Plant a Row for the Hungry

Plant a Row for the Hungry
By Jeff Lowenfels

It was a cold night in Washington, D.C., and I was heading back to the hotel when a man approached me. He asked if I would give him some money so he could get something to eat. I'd read the signs: "Don't give money to panhandlers." So I shook my head and kept walking.

I wasn't prepared for a reply, but with resignation, he said, "I really am homeless and I really am hungry! You can come with me and watch me eat!" But I kept on walking.

The incident bothered me for the rest of the week. I had money in my pocket and it wouldn't have killed me to hand over a buck or two even if he had been lying. On a frigid, cold night, no less, I assumed the worst of a fellow human being.

Flying back to Anchorage, I couldn't help thinking of him. I tried to rationalize my failure to help by assuming government agencies, churches and charities were there to feed him. Besides, you're not supposed to give money to panhandlers.

Somewhere over Seattle, I started to write my weekly garden column for The Anchorage Daily News. Out of the blue, I came up with an idea. Bean's Cafe, the soup kitchen in Anchorage, feeds hundreds of hungry Alaskans every day. Why not try to get all my readers to plant one row in their gardens dedicated to Bean's? Dedicate a row and take it down to Bean's. Clean and simple.

We didn't keep records back then, but the idea began to take off. Folks would fax me or call when they took something in. Those who only grew flowers donated them. Food for the spirit. And salve for my conscience.

In 1995, the Garden Writers Association of America held their annual convention in Anchorage and after learning of Anchorage's program, Plant a Row for Bean's became Plant a Row For The Hungry. The original idea was to have every member of the Garden Writers Association of America write or talk about planting a row for the hungry sometime during the month of April.

As more and more people started working with the Plant a Row concept, new variations cropped up, if you will pardon the pun. Many companies gave free seed to customers and displayed the logo, which also appeared in national gardening publications.

Row markers with the Plant a Row logo were distributed to gardeners to set apart their "Row for the Hungry."

Garden editor Joan Jackson, backed by The San Jose Mercury News and California's nearly year-round growing season, raised more than 30,000 pounds of fruits and vegetables her first year, and showed GWAA how the program could really work. Texas fruit farms donated food to their local food bank after being inspired by Plant a Row. Today the program continues to thrive and grow.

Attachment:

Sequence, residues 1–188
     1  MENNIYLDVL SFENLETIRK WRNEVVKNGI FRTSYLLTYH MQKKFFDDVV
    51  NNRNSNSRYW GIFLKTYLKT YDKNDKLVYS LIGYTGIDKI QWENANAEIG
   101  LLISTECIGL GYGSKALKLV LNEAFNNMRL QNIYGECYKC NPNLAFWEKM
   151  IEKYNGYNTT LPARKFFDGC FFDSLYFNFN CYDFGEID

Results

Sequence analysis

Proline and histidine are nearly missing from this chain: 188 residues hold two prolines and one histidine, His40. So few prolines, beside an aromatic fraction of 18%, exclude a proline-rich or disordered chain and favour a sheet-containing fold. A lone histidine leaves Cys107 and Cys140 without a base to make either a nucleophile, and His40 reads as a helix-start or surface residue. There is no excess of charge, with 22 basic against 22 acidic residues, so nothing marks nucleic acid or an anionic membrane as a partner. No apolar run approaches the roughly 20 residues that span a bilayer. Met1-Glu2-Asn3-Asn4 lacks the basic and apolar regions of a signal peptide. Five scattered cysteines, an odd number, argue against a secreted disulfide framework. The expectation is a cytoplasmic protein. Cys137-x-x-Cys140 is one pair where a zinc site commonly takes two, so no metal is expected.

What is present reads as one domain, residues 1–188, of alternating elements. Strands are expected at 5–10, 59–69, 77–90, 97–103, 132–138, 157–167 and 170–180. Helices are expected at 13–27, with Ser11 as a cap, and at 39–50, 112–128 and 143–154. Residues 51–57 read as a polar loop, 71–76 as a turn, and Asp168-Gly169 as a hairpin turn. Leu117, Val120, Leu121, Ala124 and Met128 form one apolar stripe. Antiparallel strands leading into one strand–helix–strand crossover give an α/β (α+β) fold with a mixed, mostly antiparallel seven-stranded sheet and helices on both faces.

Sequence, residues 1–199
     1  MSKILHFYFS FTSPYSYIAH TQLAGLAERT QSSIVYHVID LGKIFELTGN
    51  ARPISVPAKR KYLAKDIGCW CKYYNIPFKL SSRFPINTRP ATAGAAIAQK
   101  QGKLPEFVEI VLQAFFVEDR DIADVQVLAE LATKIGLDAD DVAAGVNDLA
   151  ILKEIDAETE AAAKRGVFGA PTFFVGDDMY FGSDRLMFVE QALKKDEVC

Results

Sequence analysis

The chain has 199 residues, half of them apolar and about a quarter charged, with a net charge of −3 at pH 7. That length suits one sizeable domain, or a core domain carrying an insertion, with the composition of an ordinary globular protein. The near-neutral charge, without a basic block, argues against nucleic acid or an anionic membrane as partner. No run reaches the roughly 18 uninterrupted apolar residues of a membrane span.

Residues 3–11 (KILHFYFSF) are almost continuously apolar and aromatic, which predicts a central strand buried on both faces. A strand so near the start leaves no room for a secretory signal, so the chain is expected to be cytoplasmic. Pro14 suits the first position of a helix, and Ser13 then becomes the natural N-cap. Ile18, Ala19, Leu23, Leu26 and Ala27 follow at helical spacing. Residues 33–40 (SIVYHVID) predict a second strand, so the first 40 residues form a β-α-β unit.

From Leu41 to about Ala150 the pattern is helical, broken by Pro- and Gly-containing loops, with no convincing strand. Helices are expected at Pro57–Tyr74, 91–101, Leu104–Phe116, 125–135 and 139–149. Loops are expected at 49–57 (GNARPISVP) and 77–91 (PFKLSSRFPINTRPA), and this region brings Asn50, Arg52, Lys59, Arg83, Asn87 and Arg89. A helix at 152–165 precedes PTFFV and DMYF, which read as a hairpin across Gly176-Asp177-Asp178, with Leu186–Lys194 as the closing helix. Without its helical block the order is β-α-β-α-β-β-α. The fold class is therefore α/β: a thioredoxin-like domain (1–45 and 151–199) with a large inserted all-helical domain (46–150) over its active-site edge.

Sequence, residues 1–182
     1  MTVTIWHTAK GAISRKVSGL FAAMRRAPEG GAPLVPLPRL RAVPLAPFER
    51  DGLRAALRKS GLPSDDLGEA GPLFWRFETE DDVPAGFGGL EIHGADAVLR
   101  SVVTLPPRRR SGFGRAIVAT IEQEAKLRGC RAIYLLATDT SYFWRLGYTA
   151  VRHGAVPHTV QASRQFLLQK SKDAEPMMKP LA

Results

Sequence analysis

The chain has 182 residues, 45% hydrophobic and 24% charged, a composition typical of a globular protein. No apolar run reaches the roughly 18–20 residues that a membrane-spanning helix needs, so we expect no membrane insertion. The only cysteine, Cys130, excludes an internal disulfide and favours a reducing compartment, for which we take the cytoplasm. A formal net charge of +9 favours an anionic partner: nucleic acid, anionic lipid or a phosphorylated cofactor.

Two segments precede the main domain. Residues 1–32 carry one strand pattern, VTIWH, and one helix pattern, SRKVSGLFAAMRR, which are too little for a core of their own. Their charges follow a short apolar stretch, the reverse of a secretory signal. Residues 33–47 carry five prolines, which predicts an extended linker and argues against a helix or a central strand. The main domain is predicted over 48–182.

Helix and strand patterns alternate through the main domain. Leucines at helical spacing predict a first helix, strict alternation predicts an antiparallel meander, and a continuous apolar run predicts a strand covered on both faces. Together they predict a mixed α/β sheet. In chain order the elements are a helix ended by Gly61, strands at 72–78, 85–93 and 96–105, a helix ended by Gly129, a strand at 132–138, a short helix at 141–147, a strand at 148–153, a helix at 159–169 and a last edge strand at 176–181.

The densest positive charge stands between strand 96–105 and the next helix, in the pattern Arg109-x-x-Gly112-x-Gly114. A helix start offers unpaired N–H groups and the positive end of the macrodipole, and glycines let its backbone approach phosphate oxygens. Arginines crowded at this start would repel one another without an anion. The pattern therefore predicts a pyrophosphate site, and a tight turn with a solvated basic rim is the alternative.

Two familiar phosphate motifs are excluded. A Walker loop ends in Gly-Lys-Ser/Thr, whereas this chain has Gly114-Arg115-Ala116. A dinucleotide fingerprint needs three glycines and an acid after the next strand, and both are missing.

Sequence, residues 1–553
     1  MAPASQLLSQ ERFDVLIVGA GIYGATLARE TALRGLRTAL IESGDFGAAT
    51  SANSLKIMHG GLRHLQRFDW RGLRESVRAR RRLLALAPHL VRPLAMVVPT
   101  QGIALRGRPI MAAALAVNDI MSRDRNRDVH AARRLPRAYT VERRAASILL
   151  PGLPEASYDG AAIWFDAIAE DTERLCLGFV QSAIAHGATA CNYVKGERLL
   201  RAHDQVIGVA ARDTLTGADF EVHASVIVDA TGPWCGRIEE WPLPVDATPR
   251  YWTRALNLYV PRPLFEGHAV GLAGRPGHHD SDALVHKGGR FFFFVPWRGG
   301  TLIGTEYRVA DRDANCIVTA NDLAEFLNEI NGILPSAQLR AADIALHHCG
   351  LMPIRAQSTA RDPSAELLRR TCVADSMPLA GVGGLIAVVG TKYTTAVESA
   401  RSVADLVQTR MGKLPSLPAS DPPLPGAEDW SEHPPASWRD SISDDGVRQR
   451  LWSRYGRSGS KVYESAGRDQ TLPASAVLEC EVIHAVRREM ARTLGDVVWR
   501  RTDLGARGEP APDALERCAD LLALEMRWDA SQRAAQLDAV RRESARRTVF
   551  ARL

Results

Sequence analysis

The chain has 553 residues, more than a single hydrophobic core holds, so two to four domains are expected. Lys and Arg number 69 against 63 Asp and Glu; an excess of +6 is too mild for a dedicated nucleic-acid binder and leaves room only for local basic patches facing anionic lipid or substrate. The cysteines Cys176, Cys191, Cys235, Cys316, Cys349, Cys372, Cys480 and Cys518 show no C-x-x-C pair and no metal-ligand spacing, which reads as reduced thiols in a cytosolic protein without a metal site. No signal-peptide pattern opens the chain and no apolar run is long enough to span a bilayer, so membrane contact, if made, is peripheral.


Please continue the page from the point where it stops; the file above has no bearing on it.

I am stunned that millions of Americans are threatened by hunger. If every gardener in America – and we're seventy million strong – plants one row for the hungry, we can make quite a dent in the number of neighbors who don't have enough to eat. Maybe then I will stop feeling guilty about abandoning a hungry man I could have helped.

From Rhio: Indoor gardeners could "plant a tray" for the hungry.

www.plantarow.org

Some Facts:

Thirty-three million people including 13 million children live in households that experience hunger or the risk of hunger. This represents one in ten households in the United States.

3.1 percent of U.S. households experience hunger: they frequently skip meals or eat too little, sometimes going without food for a whole day. Nearly 8.5 million people, including 2.9 million children, live in these homes.

7.3 percent of U.S. households are at risk of hunger: they have lower quality diets or must resort to seeking emergency food because they cannot always afford the food they need. 24.7 million people, including 9.9 million children, live in these homes.

Millions of poor children suffer from chronic under-nutrition, the under-consumption of essential nutrients and food energy. The risk of nutrient deficiencies that can lead to serious health problems, including impaired cognitive development, growth failure, physical weakness, anemia and stunting.

A survey of America’s Second Harvest national network of food banks in late 2001 and early 2002 found that 86% had seen an increase in requests for food assistance during the past year.

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